Android · English-posts · Programmering · Teknologi

Debugging your Android application

9. januar 2010 · Ingen Kommentarer

I am novice on Android application development, slowly starting to understand the architecture. I particularly like that communication between applications and data storage are resource centric. But anyway…

If you have been developing mobile applications for Android you have most likely seen some exceptions in the Eclipse debugger that you don’t understand, maybe not the tiniest bit. This mostly has to do with lack of experience with the API combined with the strict way that Android sets up views and restricts which threads that are allowed to draw and control the views, along with other concurrency issues.

Starting up your application in the emulated Android environment is not the fastest thing to do, so how can you debug your applications in a little more snappier way? – In short, I really don’t know.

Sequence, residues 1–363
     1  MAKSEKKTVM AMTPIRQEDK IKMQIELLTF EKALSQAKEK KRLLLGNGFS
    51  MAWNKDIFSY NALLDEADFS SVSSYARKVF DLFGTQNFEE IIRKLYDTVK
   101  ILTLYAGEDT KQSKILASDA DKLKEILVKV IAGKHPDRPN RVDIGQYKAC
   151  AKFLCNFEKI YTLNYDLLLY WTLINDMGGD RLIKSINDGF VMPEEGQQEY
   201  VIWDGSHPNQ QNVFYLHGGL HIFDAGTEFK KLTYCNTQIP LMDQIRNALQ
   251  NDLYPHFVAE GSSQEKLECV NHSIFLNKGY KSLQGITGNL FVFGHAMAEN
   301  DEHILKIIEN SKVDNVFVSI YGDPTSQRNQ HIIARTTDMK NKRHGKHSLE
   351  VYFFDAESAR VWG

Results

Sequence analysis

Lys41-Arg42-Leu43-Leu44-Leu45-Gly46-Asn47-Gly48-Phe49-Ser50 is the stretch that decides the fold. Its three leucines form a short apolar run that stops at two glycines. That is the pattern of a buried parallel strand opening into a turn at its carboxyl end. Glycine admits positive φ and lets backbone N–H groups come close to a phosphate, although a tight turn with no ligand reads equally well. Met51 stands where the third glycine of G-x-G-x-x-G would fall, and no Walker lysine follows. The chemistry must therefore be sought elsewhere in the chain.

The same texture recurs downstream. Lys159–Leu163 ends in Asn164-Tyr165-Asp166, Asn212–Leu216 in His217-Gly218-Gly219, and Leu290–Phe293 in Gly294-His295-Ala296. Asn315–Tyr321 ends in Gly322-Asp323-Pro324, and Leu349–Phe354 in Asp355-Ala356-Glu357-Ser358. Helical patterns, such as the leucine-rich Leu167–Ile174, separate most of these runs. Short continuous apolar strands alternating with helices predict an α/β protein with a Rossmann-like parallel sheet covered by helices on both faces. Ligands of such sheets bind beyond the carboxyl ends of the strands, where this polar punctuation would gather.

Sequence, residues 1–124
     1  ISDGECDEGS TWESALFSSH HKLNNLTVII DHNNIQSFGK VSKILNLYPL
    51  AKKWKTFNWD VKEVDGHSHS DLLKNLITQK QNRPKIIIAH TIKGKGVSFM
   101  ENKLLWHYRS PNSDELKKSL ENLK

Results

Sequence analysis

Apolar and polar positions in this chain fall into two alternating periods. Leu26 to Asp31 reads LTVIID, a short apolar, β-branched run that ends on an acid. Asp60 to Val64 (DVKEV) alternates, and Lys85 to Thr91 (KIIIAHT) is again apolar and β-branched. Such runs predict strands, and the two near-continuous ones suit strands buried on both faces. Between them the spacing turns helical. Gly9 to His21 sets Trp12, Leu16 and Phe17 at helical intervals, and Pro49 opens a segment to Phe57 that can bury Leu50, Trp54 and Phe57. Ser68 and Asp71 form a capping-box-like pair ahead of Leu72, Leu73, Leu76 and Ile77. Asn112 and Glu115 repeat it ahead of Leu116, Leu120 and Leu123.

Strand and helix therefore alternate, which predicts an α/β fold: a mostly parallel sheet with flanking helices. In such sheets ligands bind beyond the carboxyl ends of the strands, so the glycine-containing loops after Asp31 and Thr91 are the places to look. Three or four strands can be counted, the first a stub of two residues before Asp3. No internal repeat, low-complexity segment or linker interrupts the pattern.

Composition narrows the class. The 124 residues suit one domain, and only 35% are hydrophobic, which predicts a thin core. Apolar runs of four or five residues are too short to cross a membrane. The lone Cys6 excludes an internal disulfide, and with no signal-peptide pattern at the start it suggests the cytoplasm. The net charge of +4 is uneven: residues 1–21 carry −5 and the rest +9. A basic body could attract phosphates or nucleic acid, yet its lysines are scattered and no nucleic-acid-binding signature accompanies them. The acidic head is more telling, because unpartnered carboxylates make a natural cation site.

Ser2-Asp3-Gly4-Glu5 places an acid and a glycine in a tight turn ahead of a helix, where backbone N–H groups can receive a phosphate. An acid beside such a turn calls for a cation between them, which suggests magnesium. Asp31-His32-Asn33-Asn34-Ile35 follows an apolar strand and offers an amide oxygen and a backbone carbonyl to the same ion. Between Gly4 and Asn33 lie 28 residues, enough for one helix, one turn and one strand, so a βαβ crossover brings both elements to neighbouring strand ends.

What I want is a sane error message with a stack trace of my application code, but since I can’t get that, I have to debug my application in other ways.

Break points
By setting a breakpoint in your code on places where you think the bug might exist, you can step through your source code until the application fails.

The cons of this are that it is time consuming to do all the manual step by step operations, it’s a boring way of debugging and the exception message you get might not be understandable to you.

The Android API provides a Log class that can be used to log messages and exceptions. It took me some time to figure out how to read the log messages, but the Android Eclipse plugin provides a LogCat view.

To show the LogCat view in Eclipse, you go to “Window”, “Show View”, “Other …”, expand the “Android” category and then open the “LogCat” view.

Example output from the LogCat view.

01-09 16:56:52.069: ERROR/Listings(1064): Failed to get trip listings
01-09 16:56:52.069: ERROR/Listings(1064): java.lang.RuntimeException: Example of exception logging
01-09 16:56:52.069: ERROR/Listings(1064):     at no.ut.trip.Listings$

The example above shows an error message on the first line, the exception class and message on the second line, with the stack trace on the following lines. Might be helpful.